Big data to show how mixed toxins affect children

Rice University wins NIH grant for tools that reveal environmental threats to large populations

Big data to show how mixed toxins affect children

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Rice University researchers have won a prestigious National Institutes of Health grant to build data analysis tools and analyze how exposure to mixed toxins in the environment affects a population, especially children.

The four-year $1.7 million R01 grant will allow a team led by Marie Lynn Miranda, Rice’s Howard R. Hughes Provost and a professor of statistics, to analyze the massive set of data she and her colleagues gathered for the entire state of North Carolina over more than 20 years.

The data include birth records, blood lead levels for children ages 1 to 6, air pollution, housing quality and educational system information that will provide snapshots of where children resided and when—and what they were exposed to during these periods. These details will improve the researchers’ ability to characterize environmental exposures, social stressors and residential stability.

Miranda expects an assessment of the data set using modern data architecture, statistical and machine learning methods will help reveal how exposure to environmental mixtures shaped educational outcomes for children and identify subtle impacts upon the entire population across space and time.

The Rice team believes the tools it creates will be useful for researchers around the world who model environmental effects on people, especially those in communities that face such social stressors as deteriorating housing, inadequate access to health care, under-resourced schools, high unemployment, crime and poverty.

“For a long time, we’ve looked at individual environmental exposures and tried to figure out what impact that has on people’s health,” said Miranda, whose group gathered most of the data during her 21 years on the Duke University faculty from 1990 to 2011. “We’ve come to understand that people are not exposed to contaminants one at a time. They’re often exposed to multiple contaminants at the same time, and the methods for figuring out the impact of that exposure are quite complicated and underdeveloped.

“It’s also the case that the set of social stressors that characterize people’s lives has a significant influence on the impact of environmental exposures,” she said. “So this grant is about developing methods to look at multiple exposures and understanding the impact of those exposures in the presence of social stress.”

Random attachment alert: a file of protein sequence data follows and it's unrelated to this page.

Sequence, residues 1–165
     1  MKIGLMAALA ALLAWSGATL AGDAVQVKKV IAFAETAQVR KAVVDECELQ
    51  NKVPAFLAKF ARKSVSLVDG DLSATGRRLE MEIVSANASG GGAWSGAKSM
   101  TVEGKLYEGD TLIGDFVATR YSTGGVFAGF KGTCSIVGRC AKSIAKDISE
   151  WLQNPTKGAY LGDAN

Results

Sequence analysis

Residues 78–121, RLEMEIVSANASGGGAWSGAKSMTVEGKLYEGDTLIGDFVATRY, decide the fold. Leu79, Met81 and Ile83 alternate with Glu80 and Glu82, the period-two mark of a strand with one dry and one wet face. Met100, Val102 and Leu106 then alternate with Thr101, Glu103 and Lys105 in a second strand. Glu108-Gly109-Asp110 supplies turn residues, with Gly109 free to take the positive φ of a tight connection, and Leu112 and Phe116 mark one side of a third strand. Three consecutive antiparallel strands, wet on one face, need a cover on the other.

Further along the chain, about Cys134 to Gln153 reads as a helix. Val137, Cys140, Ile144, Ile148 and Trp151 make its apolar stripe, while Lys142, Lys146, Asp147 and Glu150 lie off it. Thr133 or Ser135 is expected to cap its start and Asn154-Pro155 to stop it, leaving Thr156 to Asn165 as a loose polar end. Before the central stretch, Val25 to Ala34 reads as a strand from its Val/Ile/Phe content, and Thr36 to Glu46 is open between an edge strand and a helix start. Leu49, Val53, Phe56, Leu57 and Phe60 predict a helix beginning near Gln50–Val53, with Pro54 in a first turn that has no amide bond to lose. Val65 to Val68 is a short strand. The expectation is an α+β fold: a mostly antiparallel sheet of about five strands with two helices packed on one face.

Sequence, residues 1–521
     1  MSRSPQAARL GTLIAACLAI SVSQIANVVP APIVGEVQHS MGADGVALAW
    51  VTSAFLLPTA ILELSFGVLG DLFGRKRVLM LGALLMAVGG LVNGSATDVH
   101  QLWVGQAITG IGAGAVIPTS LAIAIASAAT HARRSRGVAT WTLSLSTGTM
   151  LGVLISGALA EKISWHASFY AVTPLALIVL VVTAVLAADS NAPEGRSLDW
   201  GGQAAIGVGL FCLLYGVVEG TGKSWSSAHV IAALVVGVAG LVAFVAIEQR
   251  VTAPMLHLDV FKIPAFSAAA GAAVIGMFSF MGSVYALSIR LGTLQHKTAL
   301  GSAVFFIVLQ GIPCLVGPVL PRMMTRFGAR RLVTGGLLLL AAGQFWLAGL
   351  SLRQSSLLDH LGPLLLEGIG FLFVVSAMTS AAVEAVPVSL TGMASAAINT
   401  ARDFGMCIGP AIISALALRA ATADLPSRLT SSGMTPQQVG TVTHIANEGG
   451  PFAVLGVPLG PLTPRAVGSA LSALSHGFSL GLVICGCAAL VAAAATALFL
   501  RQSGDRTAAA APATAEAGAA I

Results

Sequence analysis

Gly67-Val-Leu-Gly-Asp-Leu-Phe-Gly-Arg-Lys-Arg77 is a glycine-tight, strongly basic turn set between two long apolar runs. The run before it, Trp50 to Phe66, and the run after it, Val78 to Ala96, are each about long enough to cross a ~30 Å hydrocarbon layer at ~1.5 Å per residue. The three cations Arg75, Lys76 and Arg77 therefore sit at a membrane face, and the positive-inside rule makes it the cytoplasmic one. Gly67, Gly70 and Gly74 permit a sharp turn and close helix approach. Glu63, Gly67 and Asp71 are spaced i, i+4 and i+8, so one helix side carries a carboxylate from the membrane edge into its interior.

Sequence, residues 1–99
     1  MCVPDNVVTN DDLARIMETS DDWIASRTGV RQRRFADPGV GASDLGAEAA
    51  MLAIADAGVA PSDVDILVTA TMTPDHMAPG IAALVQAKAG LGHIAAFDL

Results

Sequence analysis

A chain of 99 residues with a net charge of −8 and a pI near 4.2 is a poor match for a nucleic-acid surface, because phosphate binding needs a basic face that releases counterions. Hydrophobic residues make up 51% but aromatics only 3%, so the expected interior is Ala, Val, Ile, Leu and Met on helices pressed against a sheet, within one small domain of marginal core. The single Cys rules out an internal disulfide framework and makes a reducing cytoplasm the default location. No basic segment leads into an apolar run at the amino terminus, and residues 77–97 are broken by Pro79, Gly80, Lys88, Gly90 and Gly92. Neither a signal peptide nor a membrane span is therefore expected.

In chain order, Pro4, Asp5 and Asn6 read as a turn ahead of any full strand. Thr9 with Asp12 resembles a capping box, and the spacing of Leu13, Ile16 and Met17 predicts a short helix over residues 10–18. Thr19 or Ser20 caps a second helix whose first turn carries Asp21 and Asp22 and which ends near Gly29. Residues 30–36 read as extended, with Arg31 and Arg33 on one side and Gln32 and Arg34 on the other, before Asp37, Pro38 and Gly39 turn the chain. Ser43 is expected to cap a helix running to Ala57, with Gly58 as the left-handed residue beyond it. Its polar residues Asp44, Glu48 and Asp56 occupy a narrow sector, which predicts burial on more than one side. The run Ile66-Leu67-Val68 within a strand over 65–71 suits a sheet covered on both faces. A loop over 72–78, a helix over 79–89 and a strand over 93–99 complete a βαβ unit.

Work on the North Carolina data set will have near-term implications closer to home, Miranda said. “There’s nothing in the grant that talks about Texas, but in our minds there’s real value in these tools for Texas,” especially in the wake of Hurricane Harvey, she said. “We are in the process of building similarly robust data sets for Michigan (she was a dean at the University of Michigan before joining Rice) and Texas.

“One of the ways we’ll test how well these tools transfer to other areas of the country is to test it on the database we’re building in Texas,” Miranda said. Much of that data will appear in the Urban Data Platform managed by Rice’s Kinder Institute for Urban Research and directed by Katherine Ensor, Rice’s Noah G. Harding Professor of Statistics.

Along with Ensor, Miranda is collaborating with Robert Griffin, professor and chair of Rice’s Department of Civil and Environmental Engineering, and Richard Baraniuk, Rice’s Victor E. Cameron Professor of Electrical and Computer Engineering.

“Having Rob and Rich and Kathy on this research team, I feel like I’m (Houston Astros general manager) Jeff Luhnow or (Astros owner) Jim Crane with (baseball players) José Altuve, Justin Verlander, and George Springer,” said Miranda, revealing her passion for the World Champion Houston Astros. “They’re superstars who will help move this set of questions forward, and I’m really excited about the opportunity to work with these fantastic faculty colleagues.”

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